Design a site like this with
Get started

The Portuguese debate around climate justice

On the 25th, 26th and 27th of February approximately 80 people concerned about the challenges of sustainability and care for our common home joined the ACORDA! program – From ecological conversion to social transformation, in Lisbon, promoted by FEC, Casa Velha and CIDSE, co-financed by the Portuguese Cooperation Agency (Camões I.P.).

This program, whose title alludes to the need for just agreements on climate action and of personal awakening to these issues, has sought to promote spaces for dialogue and public debate on sustainable development. The main goal of this gathering consisted both in raising awareness on ecological, conscientious choices in our daily lives as well as finding ways for civil society to promote more just and ecological public policies, particularly in the context of the electoral events taking place this year (European Parliament elections and Legislative elections in Portugal).

In this sense, the ACORDA program proposed three different moments of reflection and mobilization. On the 25th, at the Faculty of Sciences of the University of Lisbon, the Portuguese version of the documentary Energy to Change was released, followed by a debate with Francisco Ferreira, president of the association ZERO, and Pedro Walpole SJ, coordinator of the EcoJesuit Platform. The documentary, produced by CIDSE and directed by Patrícia Pedrosa, shows six different realities of the global North and South regarding access to energy and its social costs. The confrontation with these different realities opened up several issues in the debate, such as the ease of access to alternative transport, as ZERO argues, or the importance of community-based solutions, as Pedro Walpole SJ could witness from his long experience in the Philippines.

On the 26th and 27th, at the Centro Universitário Padre António Vieira (CUPAV), the Jesuit’s University Centre in Lisbon, the workshop “Journeys to Change” took place. On the first day the focus was on personal conversion and on the second day on the social transformation. This workshop was attended by Pedro Walpole SJ but also by Edmond Grace SJ, Secretary for Justice and Ecology at the Jesuit European Social Center in Brussels. Both focused on the importance of discernment in making individual and collective decisions. Group reflection focused on the issues of the Talanoa dialogue (Where are we? Where do we want to go? How do we get there?) and the influence that we need to play in different spheres (civil society, political institutions and the private sector). The results were later shared with all participants.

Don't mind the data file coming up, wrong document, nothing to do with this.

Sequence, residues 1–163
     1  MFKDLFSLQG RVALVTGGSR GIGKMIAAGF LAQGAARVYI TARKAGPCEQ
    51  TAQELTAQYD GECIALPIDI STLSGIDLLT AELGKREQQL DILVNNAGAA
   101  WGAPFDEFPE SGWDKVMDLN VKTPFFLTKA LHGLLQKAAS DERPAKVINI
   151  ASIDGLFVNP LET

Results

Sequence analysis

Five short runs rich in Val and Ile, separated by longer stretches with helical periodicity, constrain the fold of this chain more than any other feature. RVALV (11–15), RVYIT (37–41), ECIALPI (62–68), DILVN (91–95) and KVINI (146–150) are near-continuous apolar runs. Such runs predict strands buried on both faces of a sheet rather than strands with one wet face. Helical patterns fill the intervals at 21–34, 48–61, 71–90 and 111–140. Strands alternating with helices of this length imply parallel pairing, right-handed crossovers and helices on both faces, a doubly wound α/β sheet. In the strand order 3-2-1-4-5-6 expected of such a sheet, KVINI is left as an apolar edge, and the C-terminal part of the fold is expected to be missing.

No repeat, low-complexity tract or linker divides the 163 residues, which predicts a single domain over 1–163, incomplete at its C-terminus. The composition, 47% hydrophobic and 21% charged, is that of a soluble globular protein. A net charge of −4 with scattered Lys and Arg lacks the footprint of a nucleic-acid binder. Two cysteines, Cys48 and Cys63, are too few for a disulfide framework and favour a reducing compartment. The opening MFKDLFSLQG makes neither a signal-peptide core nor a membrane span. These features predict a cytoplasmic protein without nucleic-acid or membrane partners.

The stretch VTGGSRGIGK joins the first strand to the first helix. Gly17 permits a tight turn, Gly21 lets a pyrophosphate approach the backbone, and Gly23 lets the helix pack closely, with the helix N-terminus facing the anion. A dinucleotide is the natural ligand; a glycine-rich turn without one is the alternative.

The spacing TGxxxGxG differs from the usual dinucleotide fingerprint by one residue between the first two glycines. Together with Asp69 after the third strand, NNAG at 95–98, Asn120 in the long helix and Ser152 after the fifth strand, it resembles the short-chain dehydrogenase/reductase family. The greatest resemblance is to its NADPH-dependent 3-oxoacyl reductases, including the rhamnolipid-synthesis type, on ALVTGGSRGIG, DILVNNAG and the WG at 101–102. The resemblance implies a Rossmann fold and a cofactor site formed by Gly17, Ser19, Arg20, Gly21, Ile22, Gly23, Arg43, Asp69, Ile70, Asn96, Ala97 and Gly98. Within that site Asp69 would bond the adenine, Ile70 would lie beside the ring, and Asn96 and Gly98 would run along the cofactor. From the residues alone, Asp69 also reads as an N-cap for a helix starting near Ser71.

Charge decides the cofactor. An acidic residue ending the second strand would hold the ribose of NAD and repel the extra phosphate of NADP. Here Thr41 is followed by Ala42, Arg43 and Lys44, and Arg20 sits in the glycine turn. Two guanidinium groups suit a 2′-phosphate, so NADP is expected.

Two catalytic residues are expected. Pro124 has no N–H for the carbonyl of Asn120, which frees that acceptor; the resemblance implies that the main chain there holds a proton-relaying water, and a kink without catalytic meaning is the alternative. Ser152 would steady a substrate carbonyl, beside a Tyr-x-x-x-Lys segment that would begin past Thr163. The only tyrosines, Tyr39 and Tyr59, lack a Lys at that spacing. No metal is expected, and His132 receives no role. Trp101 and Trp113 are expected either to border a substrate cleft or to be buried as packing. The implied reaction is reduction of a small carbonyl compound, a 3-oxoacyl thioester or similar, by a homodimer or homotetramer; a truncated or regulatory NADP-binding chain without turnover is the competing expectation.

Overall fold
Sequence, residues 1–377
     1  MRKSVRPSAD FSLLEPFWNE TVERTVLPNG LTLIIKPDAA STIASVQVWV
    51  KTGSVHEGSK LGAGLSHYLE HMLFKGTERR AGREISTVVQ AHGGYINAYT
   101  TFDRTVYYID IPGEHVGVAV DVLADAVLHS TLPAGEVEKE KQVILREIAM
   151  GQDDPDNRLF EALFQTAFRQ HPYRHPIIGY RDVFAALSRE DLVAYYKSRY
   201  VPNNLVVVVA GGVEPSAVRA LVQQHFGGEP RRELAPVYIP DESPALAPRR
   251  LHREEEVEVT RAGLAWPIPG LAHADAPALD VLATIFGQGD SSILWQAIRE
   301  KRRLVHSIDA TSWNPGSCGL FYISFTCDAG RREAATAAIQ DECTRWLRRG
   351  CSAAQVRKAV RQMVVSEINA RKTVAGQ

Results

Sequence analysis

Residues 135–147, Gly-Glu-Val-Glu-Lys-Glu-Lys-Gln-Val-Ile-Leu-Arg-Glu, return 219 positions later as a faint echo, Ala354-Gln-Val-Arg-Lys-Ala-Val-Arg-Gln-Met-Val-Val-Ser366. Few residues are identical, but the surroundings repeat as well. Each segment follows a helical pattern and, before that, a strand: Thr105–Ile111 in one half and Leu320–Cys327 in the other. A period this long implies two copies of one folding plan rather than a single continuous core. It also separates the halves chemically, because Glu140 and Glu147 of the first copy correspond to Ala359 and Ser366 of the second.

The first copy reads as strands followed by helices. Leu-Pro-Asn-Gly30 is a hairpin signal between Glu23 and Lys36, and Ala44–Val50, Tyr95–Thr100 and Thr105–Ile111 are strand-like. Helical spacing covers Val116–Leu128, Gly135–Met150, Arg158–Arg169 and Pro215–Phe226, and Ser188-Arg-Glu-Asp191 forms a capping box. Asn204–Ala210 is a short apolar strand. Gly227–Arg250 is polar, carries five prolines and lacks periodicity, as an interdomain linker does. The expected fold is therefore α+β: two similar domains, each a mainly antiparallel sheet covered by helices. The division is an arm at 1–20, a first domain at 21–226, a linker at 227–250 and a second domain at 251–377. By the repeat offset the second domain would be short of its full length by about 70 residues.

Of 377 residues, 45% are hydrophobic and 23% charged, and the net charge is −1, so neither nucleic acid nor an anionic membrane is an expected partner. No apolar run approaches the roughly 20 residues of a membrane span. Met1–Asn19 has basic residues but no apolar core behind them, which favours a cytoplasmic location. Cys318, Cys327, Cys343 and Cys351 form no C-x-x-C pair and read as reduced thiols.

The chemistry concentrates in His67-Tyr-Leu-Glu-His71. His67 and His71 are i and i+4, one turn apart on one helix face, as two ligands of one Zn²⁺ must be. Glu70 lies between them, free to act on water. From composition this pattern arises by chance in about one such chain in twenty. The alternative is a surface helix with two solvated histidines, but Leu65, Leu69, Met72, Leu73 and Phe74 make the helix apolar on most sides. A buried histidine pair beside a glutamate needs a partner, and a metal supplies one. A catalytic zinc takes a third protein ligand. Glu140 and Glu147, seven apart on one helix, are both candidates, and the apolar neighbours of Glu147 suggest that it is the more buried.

The program culminated, on the 27th, with an open conference on “Caring for the Common Home” with both Jesuits. Walpole SJ and Grace SJ focused on the importance of strengthening the convictions that lead us to preserve the planet and the importance of living with a sense of sufficiency (or enoughness). At the end of the program, several participants expressed an interest in continuing to learn more about these issues and participating in more of the project’s activities, Juntos Pela Mudança II.

This gathering thus promoted one of its main objectives: in line with the CIDSE campaign, which will soon end (Change for the Planet – Care for the People), to bring together a group of people committed with caring for our common home. In this sense, the project team will begin to distribute a newsletter with invitations for future project activities and others on the same topics, as well as useful links on responsible production and consumption and climate action.

The ACORDA program was carried out as part of the Juntos pela Mudança II project, promoted by FEC, co-financed by Camões I.P., in partnership with the Casa Velha Association and CIDSE. This program was also supported by the ZERO Association, CUPAV, Ecojesuit, and FCUL.

By Pedro Franco

Leave a Reply

Fill in your details below or click an icon to log in: Logo

You are commenting using your account. Log Out /  Change )

Facebook photo

You are commenting using your Facebook account. Log Out /  Change )

Connecting to %s

Website Built with

Up ↑